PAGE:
I have multiple adjustable DC/DC buck converters in a design and I'm looking to save lines in the BOM for assembly. Is there any significant drawback to using more than two resistors in a feedback network?

For example, if I need R1 to be 300k and R2 to be 150k can I replace a single 300k R1 resistor with 2 150k's in series? Assuming I use high precision resistors and can tolerate an increased ±% output tolerance what other negatives might I encounter?

Same question applies for resistors in parallel.

DC/DC Converter


Using multiple standard value resistors in the way you suggest (to stay away from hard to find parts or for BoM proliferation reduction) is a very common practice.

Unless you are trying to get the best possible predicted reliability (as found in MIL-HDBK-217) there really is no practical downside providing you have space on the PCB (although if you cannot fit a couple of extra 0402 parts, things must be really tight).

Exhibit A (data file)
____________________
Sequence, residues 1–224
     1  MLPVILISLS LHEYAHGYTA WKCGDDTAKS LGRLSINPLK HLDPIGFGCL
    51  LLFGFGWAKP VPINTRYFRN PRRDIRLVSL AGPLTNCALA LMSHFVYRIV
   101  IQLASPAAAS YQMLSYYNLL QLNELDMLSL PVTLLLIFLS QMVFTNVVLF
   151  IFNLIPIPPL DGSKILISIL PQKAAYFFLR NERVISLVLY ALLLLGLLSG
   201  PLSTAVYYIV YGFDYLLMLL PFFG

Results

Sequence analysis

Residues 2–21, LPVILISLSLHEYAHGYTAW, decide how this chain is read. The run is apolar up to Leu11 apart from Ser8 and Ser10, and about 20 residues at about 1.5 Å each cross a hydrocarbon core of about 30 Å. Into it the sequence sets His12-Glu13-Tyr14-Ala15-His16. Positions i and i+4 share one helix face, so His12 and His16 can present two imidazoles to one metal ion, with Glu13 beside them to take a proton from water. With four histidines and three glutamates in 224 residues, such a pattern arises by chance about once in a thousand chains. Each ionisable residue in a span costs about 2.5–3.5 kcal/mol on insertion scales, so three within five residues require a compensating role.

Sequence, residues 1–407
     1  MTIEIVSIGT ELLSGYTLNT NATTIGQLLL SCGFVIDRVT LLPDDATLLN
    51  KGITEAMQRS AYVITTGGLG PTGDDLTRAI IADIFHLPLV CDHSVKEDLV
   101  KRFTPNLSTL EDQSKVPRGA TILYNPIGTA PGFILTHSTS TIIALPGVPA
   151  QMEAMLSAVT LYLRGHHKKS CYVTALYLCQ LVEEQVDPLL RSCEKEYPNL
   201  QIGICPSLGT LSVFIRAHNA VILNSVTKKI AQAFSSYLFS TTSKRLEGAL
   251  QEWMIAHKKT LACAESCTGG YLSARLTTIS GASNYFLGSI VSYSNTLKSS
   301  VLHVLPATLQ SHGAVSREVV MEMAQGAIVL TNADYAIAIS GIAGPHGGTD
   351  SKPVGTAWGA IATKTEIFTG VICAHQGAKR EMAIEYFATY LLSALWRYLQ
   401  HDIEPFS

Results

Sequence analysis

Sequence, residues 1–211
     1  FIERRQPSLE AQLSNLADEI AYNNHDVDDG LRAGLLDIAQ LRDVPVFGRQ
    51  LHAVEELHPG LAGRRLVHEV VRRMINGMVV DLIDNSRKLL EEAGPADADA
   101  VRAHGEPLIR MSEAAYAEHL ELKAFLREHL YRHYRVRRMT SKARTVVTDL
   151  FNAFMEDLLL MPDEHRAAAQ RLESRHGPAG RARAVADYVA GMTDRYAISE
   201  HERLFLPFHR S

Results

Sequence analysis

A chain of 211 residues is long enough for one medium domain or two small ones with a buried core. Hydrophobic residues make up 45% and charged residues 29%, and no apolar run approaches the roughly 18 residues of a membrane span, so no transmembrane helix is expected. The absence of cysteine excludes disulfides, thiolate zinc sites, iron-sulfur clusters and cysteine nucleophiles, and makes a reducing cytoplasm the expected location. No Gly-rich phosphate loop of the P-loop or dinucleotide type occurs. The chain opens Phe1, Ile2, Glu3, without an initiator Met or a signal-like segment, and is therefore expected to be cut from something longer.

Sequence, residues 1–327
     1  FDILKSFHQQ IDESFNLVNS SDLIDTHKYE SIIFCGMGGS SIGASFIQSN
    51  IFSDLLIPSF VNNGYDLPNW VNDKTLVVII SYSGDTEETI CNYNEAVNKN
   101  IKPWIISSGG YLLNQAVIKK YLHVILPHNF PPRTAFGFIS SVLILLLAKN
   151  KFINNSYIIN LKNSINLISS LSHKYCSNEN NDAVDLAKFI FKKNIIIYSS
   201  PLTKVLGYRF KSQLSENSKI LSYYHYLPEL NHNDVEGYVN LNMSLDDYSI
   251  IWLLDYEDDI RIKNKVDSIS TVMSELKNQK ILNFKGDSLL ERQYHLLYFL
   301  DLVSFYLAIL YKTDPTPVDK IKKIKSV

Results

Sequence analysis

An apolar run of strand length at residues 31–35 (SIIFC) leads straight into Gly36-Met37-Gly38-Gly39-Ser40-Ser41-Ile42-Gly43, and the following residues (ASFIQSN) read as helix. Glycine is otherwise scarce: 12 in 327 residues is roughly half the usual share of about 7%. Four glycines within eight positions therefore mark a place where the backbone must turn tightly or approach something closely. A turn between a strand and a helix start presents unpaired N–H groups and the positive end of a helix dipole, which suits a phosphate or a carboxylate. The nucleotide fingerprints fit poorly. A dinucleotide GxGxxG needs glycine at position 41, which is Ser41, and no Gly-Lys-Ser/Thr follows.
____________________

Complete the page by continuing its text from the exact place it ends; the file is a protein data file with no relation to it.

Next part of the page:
Note that MIL-HDBK-217 reliability predictions are really a numbers game, so minimising components maximises reliability, all other things being equal.

Note that if you replace a 300k, 1% part with two 150k, 1% parts, you still yield 300k, 1%

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    \$\begingroup\$ In reality, slightly increasing the number of unstressed components has very little effect on reliability, of course. Worst-case tolerance is no worse, and typical might be a bit better (or not). \$\endgroup\$ – Spehro Pefhany Apr 20 '18 at 16:07
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    \$\begingroup\$ Of course, Spehro; I was looking at the extreme case only for reliability and tolerances are generally never worse in a measurable way. \$\endgroup\$ – Peter Smith Apr 20 '18 at 16:13

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